Ensure that your interface has ‘preferred actions’ so the user always knows what they should/can do. Design for the majority of your users and let extra functionality be discovered as needed (e.g. through hover controls, information layering) without delivering everything all at once.
Use visual cues, as little copy as possible and always provide defaults (undo/redo/home). Promote visual clarity with well thought-out information hierarchy so the most important information is always clearly displayed and accessible with no effort.
Our flagship product, Interact, contains huge amounts of detailed and complex information (drug and gene). However it’s clear interface and strong visual cues ensures that users are at no point overwhelmed with content.
A consistent design is actually simpler for users because it re-uses components, behaviours, colours, and aesthetic to reduce the need for users to rethink. Users are already familiar with many of the components used throughout apps and the web, so complying with these patterns will make the system simpler and clearer right from the start. When a design is consistent and clear it relies on recognition not recall – reducing a users memory load and the amount of ‘work’ they’re expected to do. It’s important to keep interaction results the same (manage users expectations) and encourage exploration by keeping key elements predictable.
When building Interact we made extensive use of colours that we knew users would recognize and associate with. In reliance on this recall our app communicates it’s most important information visually so users simply have to scan the page.
3. Give users control
"Allow users to personalise their experience. People love to add personal touches because it helps them feel at home and in control. Provide sensible, beautiful defaults, but also consider fun, optional customisations that don't hinder primary tasks." - Google Android
When people feel out of control, they simply don’t have a good time. This doesn’t mean that you can’t surprise people; it means that users need to feel like they are always able to take the next step (or bow out) at their request. Some users will be experienced and skilled, they will want more control over their journey (car driver) than a novice or casual user (train passenger) who may prefer to feel guided and safe - see Theo Mandels car vs. train analogy. Good UX designs accommodates for both and recognizes that users deserve the right to change their minds and take the car one day and the train the next.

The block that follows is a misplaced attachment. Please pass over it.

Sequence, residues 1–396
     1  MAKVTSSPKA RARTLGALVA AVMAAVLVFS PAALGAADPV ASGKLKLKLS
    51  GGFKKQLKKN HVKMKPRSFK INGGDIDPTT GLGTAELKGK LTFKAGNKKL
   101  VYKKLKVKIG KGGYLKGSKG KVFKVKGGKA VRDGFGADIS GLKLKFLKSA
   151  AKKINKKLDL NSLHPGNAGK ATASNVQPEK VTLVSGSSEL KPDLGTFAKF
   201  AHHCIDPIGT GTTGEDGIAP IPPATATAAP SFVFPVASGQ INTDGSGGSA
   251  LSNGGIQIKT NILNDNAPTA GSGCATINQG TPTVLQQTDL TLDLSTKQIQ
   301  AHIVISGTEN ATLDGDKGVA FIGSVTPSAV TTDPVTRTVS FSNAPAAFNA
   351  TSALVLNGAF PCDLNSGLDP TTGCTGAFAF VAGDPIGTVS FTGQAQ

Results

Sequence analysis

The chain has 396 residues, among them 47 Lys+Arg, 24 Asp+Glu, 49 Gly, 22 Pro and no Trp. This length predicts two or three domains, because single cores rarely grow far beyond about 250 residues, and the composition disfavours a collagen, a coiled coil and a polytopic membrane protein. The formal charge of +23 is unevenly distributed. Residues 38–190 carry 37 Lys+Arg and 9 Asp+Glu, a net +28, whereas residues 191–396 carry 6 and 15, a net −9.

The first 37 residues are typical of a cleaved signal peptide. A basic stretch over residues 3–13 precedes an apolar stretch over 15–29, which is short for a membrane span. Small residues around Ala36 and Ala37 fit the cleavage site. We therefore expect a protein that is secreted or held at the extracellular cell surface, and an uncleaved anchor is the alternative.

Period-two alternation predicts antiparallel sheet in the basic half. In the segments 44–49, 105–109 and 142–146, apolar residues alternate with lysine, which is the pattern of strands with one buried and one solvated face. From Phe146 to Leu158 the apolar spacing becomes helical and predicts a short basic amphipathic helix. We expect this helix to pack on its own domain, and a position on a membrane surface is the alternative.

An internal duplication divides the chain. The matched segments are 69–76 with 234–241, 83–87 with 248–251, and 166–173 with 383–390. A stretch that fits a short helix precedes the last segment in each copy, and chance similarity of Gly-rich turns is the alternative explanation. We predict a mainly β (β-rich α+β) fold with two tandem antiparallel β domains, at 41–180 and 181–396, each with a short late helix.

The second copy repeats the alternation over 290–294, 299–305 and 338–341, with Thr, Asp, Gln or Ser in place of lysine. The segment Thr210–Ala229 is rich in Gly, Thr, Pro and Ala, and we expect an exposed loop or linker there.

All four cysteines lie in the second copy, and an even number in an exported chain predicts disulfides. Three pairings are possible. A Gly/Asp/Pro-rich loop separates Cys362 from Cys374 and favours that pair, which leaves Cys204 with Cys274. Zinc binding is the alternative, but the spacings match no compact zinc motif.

Control can come from several places, such as allowing users to dictate the pace, path and level/detail of detail (choosing to ‘deep dive’ for more information). It can also come from interface customization; personalizing something for you – even a little change like picking a colour – helps users to feel more in control. Provide meaningful paths and exits so users feel the design is forgiving also helps them feel more in control and able to navigate away from a linear user journey.
As mentioned above Interact contains a wealth of complex information. A casual user can quickly use the app to check for a drug interaction within seconds. Likewise they can also use the app to customize doses etc., compare and explore several drugs simultaneously, read in-depth information about interactions or access entire drug monographs. Both users will follow the same steps but the their journey and the depth of the knowledge gained will be entirely different.
4. Make conversation
"Use real world behaviour and user testing to aid the development process." - GOV.UK
UX is a conversation. As UX professionals we are creating a dialog with users in which the goal is to find out how we can best help them do what they want to do. Therefore, UX becomes a service that is constantly reacting to the changing needs of our audience – it is not a one off product. The conversation is both how we deliver and how we find out how to make it better.
Since day one we have worked closely with our users, responding to feedback and implementing suggestions. When Interact is released we will continue to react to the changes needs of our users and the environments in which they operate.
5. Be friendly
"Delight me in surprising ways: A beautiful surface, a carefully-placed animation, or a well-timed sound effect is a joy to experience." - Google Android
Users should be able to relax and enjoy exploring the interface of any software product. Even industrial-strength products shouldn’t intimidate users so that they are afraid to press a button or navigate to another screen.
It’s also critical to establish the proper tone of voice in messages and prompts. It is important to assign no blame for errors or problems. Poor message terminology and tone encourages users to blame themselves for problems that occur, effecting their confidence and experience. Constant alerts that bombard the users can also lead to user fatigue.
Interfaces today and in the future must be more intuitive, enticing, predictable, and forgiving than the interfaces we’ve designed to date. It’s time we moved onward past user-friendly interfaces to user-seductive and fun-to-use product interfaces, even in the healthcare environment.